Polite Complaint Letter Frees Customer From Capital One's Hassle-Filled Rewards Trap

It seems that you can’t turn on a television without hearing about Capital One’s “no-hassle” credit card rewards. Haim learned that these rewards actually are, um, sort of a hassle. He wanted to use his rewards points to pay for part of his vacation, and pay for the rest himself. This concept was too much for the nice folks at Capital one, and he hit a customer service roadblock. Haim then used his finely honed consumer skills to send an executive e-mail carpet bomb emphasizing what a great customer he’s been. It worked.

I have a capital one “no hassle” rewards card, and after 4 years of accumulating points, I wanted to use the 38,000 points I have to get at least some savings on a trip to Puerto Rico. It says in their rewards program, use 35,000 points for a trip up to $350 dollars. What it didn’t say is that if it is more than $350 you need to claim the next tier, which is 60,000 points. The rewards CSR said there was no way to pay for part of the trip. After talking to 4 different CSR supervisors, I got upset. I am not getting the consumer protection that comes with AMEX, and I now have to keep these useless points until I meet the stringent demands. I launched an EECB with the following letter:

To Whom it May Concern

I have been a capital one member in various forms since the age of 15 (10+ years). In the course of that time period, I have never missed a payment and have always payed my balance off in full. I have never called in to dispute a charge, or take part in any of the additional services you offer. In that process I have accumulated approximately 38,000 reward points.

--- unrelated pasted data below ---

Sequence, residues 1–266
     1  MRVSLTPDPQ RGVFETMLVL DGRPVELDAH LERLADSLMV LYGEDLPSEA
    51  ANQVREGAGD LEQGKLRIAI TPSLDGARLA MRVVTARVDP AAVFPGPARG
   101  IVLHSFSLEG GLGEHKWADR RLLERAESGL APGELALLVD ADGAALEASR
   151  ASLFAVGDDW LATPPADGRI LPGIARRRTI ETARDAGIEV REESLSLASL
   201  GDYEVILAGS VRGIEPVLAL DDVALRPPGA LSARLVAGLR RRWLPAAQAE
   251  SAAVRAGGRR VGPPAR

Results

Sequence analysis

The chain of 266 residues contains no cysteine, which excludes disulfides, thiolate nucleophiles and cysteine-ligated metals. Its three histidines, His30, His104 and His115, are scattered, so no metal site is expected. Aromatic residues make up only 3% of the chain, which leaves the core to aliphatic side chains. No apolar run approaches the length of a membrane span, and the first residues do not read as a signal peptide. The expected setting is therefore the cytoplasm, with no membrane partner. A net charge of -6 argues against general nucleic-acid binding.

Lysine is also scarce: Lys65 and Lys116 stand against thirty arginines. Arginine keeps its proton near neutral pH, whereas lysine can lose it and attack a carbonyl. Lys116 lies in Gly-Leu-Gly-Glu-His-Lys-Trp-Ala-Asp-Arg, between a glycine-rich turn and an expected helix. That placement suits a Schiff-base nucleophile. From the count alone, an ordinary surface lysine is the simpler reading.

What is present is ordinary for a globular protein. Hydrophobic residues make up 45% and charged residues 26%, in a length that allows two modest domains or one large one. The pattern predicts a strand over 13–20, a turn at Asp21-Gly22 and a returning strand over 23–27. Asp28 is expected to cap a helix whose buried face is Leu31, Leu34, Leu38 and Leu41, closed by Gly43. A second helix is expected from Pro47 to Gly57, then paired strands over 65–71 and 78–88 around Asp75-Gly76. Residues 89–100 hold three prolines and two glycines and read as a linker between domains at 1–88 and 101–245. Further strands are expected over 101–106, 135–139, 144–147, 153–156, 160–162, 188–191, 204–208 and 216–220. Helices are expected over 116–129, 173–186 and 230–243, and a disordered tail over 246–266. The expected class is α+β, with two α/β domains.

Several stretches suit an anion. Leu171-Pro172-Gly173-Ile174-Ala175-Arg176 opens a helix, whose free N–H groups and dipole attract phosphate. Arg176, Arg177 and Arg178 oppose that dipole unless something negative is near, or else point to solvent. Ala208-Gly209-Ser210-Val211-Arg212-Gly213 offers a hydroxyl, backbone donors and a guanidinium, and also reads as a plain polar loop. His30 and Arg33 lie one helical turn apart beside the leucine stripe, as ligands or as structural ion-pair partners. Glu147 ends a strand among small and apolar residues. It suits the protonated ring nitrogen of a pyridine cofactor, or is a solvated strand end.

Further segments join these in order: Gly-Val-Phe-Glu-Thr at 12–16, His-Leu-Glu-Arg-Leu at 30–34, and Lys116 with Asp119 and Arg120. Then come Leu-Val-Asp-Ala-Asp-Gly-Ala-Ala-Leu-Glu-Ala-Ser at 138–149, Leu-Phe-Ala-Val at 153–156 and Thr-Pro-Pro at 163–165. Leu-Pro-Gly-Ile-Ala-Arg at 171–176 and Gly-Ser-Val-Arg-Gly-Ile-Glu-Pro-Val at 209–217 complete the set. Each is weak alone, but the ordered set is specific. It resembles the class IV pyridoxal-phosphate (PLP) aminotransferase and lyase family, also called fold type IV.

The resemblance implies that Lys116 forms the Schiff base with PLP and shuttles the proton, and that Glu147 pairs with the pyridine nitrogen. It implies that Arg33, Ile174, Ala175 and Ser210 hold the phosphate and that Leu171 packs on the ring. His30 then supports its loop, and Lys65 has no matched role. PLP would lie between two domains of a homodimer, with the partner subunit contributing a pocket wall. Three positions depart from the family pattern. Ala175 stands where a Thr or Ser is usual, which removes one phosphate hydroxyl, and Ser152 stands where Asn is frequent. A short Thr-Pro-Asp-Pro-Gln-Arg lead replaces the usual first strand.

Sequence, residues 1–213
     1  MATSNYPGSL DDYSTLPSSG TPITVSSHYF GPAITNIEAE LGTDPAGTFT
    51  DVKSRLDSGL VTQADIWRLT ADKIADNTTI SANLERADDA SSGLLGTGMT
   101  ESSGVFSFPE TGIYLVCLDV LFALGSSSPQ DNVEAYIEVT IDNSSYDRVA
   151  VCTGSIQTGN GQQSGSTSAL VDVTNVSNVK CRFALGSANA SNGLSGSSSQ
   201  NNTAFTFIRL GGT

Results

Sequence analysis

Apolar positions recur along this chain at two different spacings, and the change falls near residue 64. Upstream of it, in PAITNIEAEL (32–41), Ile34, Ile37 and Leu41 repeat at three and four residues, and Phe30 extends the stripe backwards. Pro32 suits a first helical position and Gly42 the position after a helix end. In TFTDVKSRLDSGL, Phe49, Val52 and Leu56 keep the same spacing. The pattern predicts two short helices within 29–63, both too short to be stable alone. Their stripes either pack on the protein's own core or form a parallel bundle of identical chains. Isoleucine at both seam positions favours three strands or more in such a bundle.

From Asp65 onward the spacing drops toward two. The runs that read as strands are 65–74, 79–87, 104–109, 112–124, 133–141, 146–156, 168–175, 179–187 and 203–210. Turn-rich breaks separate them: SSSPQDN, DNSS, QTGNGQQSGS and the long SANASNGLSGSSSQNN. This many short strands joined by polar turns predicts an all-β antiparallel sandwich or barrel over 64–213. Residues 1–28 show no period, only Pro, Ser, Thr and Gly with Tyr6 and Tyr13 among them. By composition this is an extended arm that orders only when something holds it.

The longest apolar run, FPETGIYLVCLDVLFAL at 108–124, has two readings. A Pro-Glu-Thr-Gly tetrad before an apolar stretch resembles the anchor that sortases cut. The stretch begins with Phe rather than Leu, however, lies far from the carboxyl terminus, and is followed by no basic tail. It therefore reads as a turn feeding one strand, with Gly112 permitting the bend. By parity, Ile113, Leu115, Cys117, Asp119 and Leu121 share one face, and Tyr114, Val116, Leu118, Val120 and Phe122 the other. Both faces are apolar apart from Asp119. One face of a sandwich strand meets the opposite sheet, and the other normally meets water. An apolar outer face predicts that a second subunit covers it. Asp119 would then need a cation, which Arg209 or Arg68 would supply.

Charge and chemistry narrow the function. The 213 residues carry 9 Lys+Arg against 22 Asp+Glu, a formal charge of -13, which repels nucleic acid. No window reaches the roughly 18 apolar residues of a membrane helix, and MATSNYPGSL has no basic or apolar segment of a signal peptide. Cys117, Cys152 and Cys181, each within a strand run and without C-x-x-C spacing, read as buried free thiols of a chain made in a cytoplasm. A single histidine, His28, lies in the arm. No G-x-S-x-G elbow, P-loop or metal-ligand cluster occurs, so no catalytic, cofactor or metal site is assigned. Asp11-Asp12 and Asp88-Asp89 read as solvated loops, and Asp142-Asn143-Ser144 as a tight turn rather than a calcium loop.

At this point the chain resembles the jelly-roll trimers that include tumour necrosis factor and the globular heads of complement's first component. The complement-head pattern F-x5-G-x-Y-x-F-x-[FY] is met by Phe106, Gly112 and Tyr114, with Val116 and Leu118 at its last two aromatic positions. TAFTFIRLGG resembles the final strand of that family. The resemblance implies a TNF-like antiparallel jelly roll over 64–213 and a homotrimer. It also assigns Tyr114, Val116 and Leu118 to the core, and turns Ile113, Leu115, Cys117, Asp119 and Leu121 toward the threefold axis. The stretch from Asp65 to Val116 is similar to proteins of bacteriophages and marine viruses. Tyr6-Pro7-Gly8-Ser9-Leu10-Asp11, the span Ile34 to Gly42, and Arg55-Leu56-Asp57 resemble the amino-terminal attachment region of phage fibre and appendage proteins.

I wanted to finally redeem these reward points on a trip over Christmas to Puerto Rico. Each ticket was $393, and wanted to use those points to pay it off. When I tried to redeem the points I was told that because the ticket was over $350 I had to earn 60,000 points. I will have to double my current rewards points status, for $44, instead of another $300. There is no way to partially pay for the ticket.

The way your rewards points work is very one sided for being “No Hassle Rewards. The example in my case is: use 35,000 points to redeem $150 – $350 on travel. If my hotel room was $151, I would have to use all 35,000 points. So the best case scenario is to use all $350 or loose $200 worth of points, which equates to over 35,000 reward points using your conversion methods for cash.

For a company to offer “No Hassle Rewards,” and to have a customer have to call the rewards department, speak to both a first responder, than a supervisor, hang up, call customer service, executive customer service, to only be told, we can’t do anything for your, is quite the hassle.

What I am asking, and I believe this is a fair request is to use 35,000 points to redeem my $350 worth of travel. I do not want to redeem all 35,000 points for a trivial $175, which is what I’m being offered. I’ve already explained this to the rewards department, as well as senior customer support, and both times I was told, those are terms you agreed to. If I can’t use those points for travel, my next suggestion was to take the $175, and be given a credit in the amount of $175 to equal the $350.

These are the charges in question:

OCT 29, 2010 CONTINENTAL HOUSTON TX Airfare $394.20
OCT 29, 2010 CONTINENTAL HOUSTON TX Airfare $394.20

If this can’t be done, I will want to terminate my relationship with Capital One. I will redeem the $175, and take my business elsewhere. I can’t have a credit card who wants my business, but does not in good faith try to help out its on time customers. I also want to stop other people from falling into this trap, so I will contact the necessary consumer action groups.

Thank you for listening,

Haim [redacted]

Well, it worked. I got a call the next morning from someone saying, that she could not just credit me the charge. However, she will raise my rewards points to 60,000 miles, and then apply them all to one of the tickets. This will take 5 business days. She said in the future, call this number, and someone in the executive office will help me.

Haim didn’t send us the special number that Capital One gave him, but that’s okay. If you’re having trouble with the company, you can learn how to send an executive e-mail carpet bomb of your own.

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